A Democratic opponent to GOP Rep. Dana Rohrabacher of California has been the target of multiple cyber attacks over the past year.
Dr. Hans Keirstead, a stem-cell scientist and CEO of Aivita biomedical, a research company, was the victim of the series of cyber attacks starting with a spear-phishing email attack in August 2017 in which a fake email disguised as a legitimate Microsoft Office email duped Keirstead into entering his password, according to Rolling Stone.
In December of 2017, campaign officials detected multiple attempts to access the campaign’s website and hosting service, in which “hackers or bots tried different username-password combinations in a rapid-fire sequence over a two-and-a-half-month period to get inside the campaign’s WordPress-hosted website,” according to Rolling Stone.
There were over 130,000 brute-force attempts to gain administrator access to the campaign’s server over a month-long period and multiple attempts by unknown users to access the campaign’s Twitter account in January.
“While the spear-phishing attack targeting Keirstead’s work account was successful, none of the attempts to gain unauthorized access to the campaign’s website, hosting company or Twitter account were effective, according to the campaign emails,” reports Rolling Stone.
Keirstead came 3rd to Harley Rouda in the June 5th primary in California’s 48th Congressional district, losing to Rouda by just 125 votes and costing him the Democratic nomination for November’s general election against 15-year incumbent Dana Rohrabacher.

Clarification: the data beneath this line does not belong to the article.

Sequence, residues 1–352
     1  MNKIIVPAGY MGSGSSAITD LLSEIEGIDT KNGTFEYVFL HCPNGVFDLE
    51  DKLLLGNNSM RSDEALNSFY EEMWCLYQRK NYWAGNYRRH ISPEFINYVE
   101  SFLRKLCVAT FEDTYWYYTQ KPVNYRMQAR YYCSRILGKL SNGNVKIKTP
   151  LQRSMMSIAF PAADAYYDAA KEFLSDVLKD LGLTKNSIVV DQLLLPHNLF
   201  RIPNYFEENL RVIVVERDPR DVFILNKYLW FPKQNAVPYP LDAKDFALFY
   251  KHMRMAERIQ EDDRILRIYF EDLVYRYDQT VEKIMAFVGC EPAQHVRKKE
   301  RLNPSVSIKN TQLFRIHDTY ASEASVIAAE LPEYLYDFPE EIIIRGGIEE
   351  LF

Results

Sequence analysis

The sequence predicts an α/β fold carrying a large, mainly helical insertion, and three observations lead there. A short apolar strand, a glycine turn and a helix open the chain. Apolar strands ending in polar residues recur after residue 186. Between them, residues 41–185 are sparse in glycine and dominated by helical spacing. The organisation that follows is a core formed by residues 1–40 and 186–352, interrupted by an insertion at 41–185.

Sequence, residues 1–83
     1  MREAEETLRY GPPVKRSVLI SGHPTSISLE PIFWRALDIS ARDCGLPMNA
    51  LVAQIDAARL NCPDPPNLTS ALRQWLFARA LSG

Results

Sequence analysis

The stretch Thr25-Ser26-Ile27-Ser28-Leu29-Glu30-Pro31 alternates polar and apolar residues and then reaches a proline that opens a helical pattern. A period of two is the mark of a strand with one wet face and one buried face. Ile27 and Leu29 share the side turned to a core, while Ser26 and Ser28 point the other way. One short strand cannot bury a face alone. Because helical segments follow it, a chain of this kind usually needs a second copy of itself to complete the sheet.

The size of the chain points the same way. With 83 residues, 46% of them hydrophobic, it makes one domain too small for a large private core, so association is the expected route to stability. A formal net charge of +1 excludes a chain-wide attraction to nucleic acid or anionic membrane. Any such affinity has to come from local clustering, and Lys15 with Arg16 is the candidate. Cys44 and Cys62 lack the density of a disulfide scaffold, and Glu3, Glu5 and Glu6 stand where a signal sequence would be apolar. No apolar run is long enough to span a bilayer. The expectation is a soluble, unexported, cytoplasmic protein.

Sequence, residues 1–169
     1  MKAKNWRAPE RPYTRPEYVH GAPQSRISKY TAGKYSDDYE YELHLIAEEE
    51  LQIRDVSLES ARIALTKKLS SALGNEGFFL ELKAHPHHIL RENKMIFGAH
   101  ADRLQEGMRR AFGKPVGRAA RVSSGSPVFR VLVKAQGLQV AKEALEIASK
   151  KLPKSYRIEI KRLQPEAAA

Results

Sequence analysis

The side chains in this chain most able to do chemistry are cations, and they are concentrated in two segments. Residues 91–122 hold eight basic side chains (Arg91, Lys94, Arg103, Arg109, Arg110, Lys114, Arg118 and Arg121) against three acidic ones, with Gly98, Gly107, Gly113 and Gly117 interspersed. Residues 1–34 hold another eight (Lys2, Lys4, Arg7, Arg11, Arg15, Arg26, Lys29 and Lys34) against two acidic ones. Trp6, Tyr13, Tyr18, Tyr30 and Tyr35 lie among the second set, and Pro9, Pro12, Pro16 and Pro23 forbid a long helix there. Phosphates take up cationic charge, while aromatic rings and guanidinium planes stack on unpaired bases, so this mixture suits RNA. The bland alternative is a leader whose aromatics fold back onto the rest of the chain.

Rohrabacher is one of the most pro-Russia members of Congress and has been coined “Putin’s favorite congressman.”
Keirstead’s campaign manager Kyle Quinn-Quesada said the campaign is going public about the cyber attacks for the sake of voter awareness, according to Rolling Stone.
“It is clear from speaking with campaign professionals around the country that the sustained attacks the Keirstead for Congress campaign faced were not unique but have become the new normal for political campaigns in 2018. Individual congressional campaigns are being targeted on a regular basis.”
Quinn-Quesada added that he doesn’t believe the cyberattacks had an impact on the results of the primary election.
The source of the cyberattacks remains unclear.
“The hackers could have been one of many actors: a nation-state (such as Russia), organized crime, so-called e-crime or a hacktivist with a specific agenda,” cybersecurity experts told Rolling Stone.
“It’s nearly impossible to identify who was behind the hacks without the help of law enforcement or high-priced private cybersecurity firms that collect their own threat data.”